Tattoos have been around since, well, forever. Even in Neolithic times we were changing the way our skin looks, whether as a kind of jewelry of royalty, lovers, the spiritual, and the criminal. Then, they generally served a tremendous, nearly ritualized purpose. Now, Mike Tyson's got a face tattoo and your mom might be thinking about getting ladybugs on her feet to symbolize her growing family. Tattoos have, as of 2012, become a $2 billion industry; there are more than 15,000 parlors in the country. Everybody (even our moms) wants to get a tattoo. So, what should we do?
Well, in the words of Matthew Marcus, owner of New York's Three Kings Tattoo: educate yourself — and not by watching TV. Here are the things to do, and not do, when you finally join the swelling ranks of the tattooed.
- Educate yourself, but don't think you're smarter than your artist.
This includes, to an extent, watching one of a million tattoo shows. "The television shows are great because people are educating themselves more and paying attention to the qualities a good tattoo should embody," Marcus says. "The problem is that people go off of the first thing they hear and sometimes educate themselves lazily.
"I want to create a smarter customer who knows about strong lines and smooth shading. I don't expect you to understand art, design, layout, positioning, or light sources," Marcus says. "But if we can get people to understand when something is too small, or is going to fall apart, or what weak lines and shading look like, then, eventually, we'll force all of the bad tattoo artists out of business.
- Don't bring your kids to the shop.
As commonplace as tattoos have become, tattoo shops aren't sterile, shopping mall environments. The Wiggles won't be playing on the radio, there are still people getting naked mermaids tattooed on their forearms, and, well, there are sharp needles everywhere. As Marcus puts it, "At the end of the day, it is still a tattoo shop." Not to mention, do you really want your kid playing peek-a-boo with an artist who is essentially scarring you for the rest of your life?
- Don't try to get tattooed drunk.
Given the fact that tattoos are for life – eh, maybe – it's not the best idea to get inked while trashed. But Marcus says they don't tattoo people for a much simpler reason than the inevitable hangover regret: it makes your blood thinner, so the whole process is just a mess. "People being drunk just makes our job harder and the healing of your tattoo less effective." So, no, you can't cap off your bachelor party with a quick round of bro tattoos. At least not at any shop that cares about its customers.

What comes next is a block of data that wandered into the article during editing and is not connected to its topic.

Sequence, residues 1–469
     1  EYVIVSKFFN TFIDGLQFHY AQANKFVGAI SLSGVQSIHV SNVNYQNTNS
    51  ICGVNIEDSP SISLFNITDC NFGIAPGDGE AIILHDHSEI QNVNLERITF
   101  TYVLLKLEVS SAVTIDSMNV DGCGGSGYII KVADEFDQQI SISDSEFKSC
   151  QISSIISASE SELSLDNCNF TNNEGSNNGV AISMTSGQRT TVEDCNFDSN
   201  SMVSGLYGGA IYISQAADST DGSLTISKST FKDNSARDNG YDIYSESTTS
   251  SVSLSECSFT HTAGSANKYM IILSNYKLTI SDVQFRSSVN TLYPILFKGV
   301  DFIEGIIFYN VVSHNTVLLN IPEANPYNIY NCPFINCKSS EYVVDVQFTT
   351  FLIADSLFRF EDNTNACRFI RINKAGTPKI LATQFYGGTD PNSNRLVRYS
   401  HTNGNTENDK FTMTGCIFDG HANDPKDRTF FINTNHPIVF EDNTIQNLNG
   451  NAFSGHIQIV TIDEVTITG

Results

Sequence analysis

- Don't Haggle over Price
Tattoos might be as common as Granny Smiths, but parlors aren't farmer's markets. " I don't know anyone in the world who wants someone to come to their job and ask them to get paid less for the day for no good reason at all. Our prices are there for a reason and its because we know what goes into our work."
- Be Willing to Compromise Your Design
If you want a tattoo, you've probably put a lot of thought into it. That doesn't mean it'll make a great tattoo, though. "Once someone takes the step to walk through the door of a tattoo parlor, they are usually 95 percent sure on getting and having a tattoo," Marcus says. "The problem then is that sometimes their ideas on paper or in their minds aren't the best on skin. Things can be too small, not drawn correctly, colored with colors that may not work on their skin tone, go on a part of the body where tattoos fall apart easily.
- Don't Move Appointments Day-of
Simply put: If an artist has booked you for an appointment time, they have not booked someone else for that same appointment time. Moving your appointment at the last minute is wasting several hours of your artist's time, not to mention losing them several hundred dollars.
If Marcus has revealed anything, it's that tattoo shops are like any other place. Aside from being the least kid-friendly places in an increasingly kid-friendly town, tattoo parlors are professional places, and tattoo artists are professionals. Don't let their tattoos (and your misguided preconceived notions) fool you: these artists deserve your respect. And, relax, because, while places like Three Kings offer lengthy consultations for extensive or elaborate tattooing, those of you who just want a cute Sailor Jerry anchor on your ankle can just walk right in.